Ocasio-Cortez Says Dozens of Her Dem Colleagues Are Racists, None Push Back

AOC wants to condemn Dems who voted to tell ICE if illegals try to buy guns

Rep. Alexandria Ocasio-Cortez
Rep. Alexandria Ocasio-Cortez / Getty Images

In her defense of Rep. Ilhan Omar (D., Minn.), Rep. Alexandria Ocasio-Cortez (D., N.Y.) points her finger at 26 of her Democratic colleagues, saying they were racists for supporting a proposal to notify immigration authorities if illegal aliens are caught trying to buy a gun.

Ocasio-Cortez argued that the discussion about bigotry within the Democratic caucus shouldn't be aimed at Omar's anti-Semitism, but rather the 26 Democrats who she says are racist for buying into the "false trope that Latino immigrants are more dangerous than U.S. born citizens."

The proof of their racism was support for a Republican amendment to H.R. 8, the Bipartisan Background Checks Act of 2019, that required federal authorities to notify Immigration and Customs Enforcement whenever an illegal immigrant tries to buy a firearm. More than 3,000 illegal immigrants have their gun purchase attempts rejected each year.

Ocasio-Cortez says the 26 Democrat supporters of the amendment are the ones the party should be condemning.

"If we're so concerned about implied tropes, why aren't we concerned about this one?" she argued. "Where was the concern last week when 26 Dems voted for a GOP amendment to expand ICE powers rooted in the racist + false trope that Latino immigrants are more dangerous than U.S born citizens?"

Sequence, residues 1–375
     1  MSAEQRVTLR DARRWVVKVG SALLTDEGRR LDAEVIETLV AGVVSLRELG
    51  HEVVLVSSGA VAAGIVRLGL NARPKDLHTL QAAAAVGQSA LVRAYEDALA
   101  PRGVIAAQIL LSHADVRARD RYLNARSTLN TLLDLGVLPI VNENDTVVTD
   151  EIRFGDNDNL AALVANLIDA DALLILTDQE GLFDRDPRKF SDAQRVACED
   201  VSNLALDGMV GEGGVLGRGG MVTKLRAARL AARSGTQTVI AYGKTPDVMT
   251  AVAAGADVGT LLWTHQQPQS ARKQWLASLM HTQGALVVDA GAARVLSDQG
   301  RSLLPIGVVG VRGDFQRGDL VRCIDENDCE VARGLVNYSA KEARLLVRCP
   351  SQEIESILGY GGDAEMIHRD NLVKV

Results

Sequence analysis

"It's based in a racist + non-evidence based trope that immigrants are dangerous," she said. "Yet some Dems are willing to ‘compromise' and spend BILLIONS on a trope because we've accepted some kinds of racism as realpolitik in America."

The comments came as debate raged within the Democratic caucus over a planned resolution condemning anti-Semitism. Ocasio-Cortez and other allies of Omar forced a delay on the vote, arguing that Omar shouldn't be singled out.

Reached for comment, none of the 26 Democrats targeted by Ocasio-Cortez—a group that includes Jewish lawmakers such as Reps. Max Rose (N.Y.), Elissa Slotkin (Mich.), Josh Gottheimer (N.J.), and Elaine Luria (Va.)—elected to push back against being called racists.

The only member to respond to the request for comment was Rep. Jeff Van Drew (N.J.), who side-stepped the accusation of racism but defended his vote for the amendment to the gun bill.

"Guns are serious business," Van Drew said in an emailed statement. "The purpose of the Bipartisan Background Checks Act is to prevent people who should not have guns from acquiring them. I strongly believe in the right to bear arms per the Second Amendment of the U.S. Constitution, but if someone is not legally authorized to obtain a firearm, including undocumented immigrants, they should not do so."

The Twitter attack from Ocasio-Cortez came as more senior members of the caucus were pleading with newer members to lay off social media.

"For Democrats, the internal divide over how to handle Omar's statements has been exacerbated by members targeting each other on Twitter, where much of the public debate has played out," wrote the Washington Post in its report on closed door conversations on how to respond to Omar's latest anti-Semitic remarks.

The backlash from Ocasio-Cortez and her allies proved to be effective, with party leadership backing off plans to hold a vote on the resolution condemning anti-Semitism. Democrats are now expected to vote on a broader resolution targeting all types of hate speech on Thursday.